Become extremely comfortable with being, and admitting that, you were wrong. It’s going to happen often. In fact, you should be happy when it does!
Half the time, when you see the new thing, you are actually going to have it in your hands, and then you will reject it. You will throw it in the trash.
You’ll do this because you are confusing your opinion with reality.
The two are not connected in any way. Act accordingly.
Problems, when far away, look terrifying.
They look like they are going to destroy you, your business, your relationships, and everything else.
No matter how often you encounter them, they will always provoke the same reaction. The same pattern you lived over the years before, that is the pattern you will live now. It’s human nature. You can’t stop the reaction. You can only withstand it.
Yesterday I was in Boston doing a new talk at Inbound Marketing Summit. Before I go up, I think, oh boy, might bomb here. Instead, I killed it. Totally surprising. The exact opposite of what I assumed.
Another example: When I was raising money for Breather I had to talk about obtaining space, and how we would do it. I thought we would have to send out sales teams in cities to try and get spaces. Expensive stuff.
That was wrong too. Spaces so far have come to us from Los Angeles, San Francisco, Singapore, Monaco, Toronto, New York, and a dozen other cities. We didn’t even ask. The market just spoke by itself.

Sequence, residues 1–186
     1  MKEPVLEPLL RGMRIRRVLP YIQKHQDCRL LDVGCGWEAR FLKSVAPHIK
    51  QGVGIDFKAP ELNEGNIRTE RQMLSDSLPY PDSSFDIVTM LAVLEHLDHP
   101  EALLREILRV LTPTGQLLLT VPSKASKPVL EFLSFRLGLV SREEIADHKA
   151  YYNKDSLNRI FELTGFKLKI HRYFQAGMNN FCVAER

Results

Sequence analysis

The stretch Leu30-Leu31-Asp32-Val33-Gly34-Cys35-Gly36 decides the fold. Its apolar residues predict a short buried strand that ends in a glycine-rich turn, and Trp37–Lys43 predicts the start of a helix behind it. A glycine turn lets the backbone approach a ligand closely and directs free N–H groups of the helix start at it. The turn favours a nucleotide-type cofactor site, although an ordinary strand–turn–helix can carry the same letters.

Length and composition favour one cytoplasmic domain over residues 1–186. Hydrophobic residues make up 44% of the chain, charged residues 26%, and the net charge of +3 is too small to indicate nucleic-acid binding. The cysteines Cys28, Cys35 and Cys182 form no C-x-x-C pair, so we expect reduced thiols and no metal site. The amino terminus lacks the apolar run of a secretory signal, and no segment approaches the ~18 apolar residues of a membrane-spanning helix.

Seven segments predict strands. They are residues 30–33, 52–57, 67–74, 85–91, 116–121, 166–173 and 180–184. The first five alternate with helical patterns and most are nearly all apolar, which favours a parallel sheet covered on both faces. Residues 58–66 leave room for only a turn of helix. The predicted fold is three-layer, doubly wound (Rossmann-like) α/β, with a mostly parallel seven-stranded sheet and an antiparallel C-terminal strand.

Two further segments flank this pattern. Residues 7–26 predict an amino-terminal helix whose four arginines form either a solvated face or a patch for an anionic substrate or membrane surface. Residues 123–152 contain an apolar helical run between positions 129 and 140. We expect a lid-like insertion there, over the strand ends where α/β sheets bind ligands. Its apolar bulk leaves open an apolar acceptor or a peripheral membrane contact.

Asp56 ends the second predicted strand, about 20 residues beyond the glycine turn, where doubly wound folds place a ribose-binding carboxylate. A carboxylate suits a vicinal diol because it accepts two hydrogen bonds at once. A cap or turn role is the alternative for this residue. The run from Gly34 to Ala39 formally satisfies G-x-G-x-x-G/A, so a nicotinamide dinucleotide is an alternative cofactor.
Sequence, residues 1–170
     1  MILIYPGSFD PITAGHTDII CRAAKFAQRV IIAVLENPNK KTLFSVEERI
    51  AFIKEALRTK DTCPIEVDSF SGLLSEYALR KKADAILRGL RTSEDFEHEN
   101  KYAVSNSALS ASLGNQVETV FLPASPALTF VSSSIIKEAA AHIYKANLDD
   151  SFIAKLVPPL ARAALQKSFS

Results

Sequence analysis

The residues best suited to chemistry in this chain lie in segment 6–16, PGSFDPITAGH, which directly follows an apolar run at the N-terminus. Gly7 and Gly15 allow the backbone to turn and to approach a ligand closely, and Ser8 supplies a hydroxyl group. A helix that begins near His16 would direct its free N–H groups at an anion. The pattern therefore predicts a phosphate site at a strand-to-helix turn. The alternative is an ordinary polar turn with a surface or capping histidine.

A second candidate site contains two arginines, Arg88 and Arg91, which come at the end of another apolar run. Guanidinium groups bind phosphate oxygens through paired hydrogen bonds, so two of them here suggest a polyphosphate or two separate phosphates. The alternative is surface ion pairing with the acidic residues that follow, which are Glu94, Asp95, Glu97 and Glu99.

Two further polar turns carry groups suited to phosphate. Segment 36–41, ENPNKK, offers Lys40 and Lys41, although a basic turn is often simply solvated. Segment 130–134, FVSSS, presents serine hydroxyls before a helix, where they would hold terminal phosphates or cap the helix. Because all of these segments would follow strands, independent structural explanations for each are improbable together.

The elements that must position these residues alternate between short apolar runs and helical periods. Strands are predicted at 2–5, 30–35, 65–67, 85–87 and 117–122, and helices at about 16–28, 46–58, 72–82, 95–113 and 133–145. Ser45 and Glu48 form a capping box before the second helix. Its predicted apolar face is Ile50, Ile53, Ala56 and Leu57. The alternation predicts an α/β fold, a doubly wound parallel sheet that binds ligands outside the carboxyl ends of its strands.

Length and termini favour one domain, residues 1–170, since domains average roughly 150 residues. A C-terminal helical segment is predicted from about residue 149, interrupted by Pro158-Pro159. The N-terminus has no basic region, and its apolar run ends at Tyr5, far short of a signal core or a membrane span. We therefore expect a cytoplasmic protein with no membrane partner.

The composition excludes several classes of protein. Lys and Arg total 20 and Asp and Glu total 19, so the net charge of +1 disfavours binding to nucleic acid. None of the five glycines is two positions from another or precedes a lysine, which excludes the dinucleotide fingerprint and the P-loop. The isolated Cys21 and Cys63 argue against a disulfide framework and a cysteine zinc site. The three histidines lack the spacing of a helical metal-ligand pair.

Once again, I was totally wrong.
Preparing for a tornado is a good idea. You don’t just ignore it, because doing so would be stupid. You plan and work with best practices. You ask what others have done. This is normal.
If you are ever panicking before something you see as cataclysmic, it’s probably cataclysmic because you haven’t thought it through, or planned, or worked on it enough.
If you have planned enough, you should be significantly calmer.
All things are like this. Remember that.
Update: Here is the video, below.
I know who I want to be. Do you?
An important part of discovering / creating your own future is to find out, or plan, who you are going to become.
This sounds kind of obvious– doesn’t everyone think about this?– but in reality, it isn’t often done.
That’s because exerting your will on the universe is hard.
It is a constant push– back and forth– between you creating the world you want through your actions, and the world pushing back on you saying “nope,” or deflecting you, like a soccer ball hitting a goalie.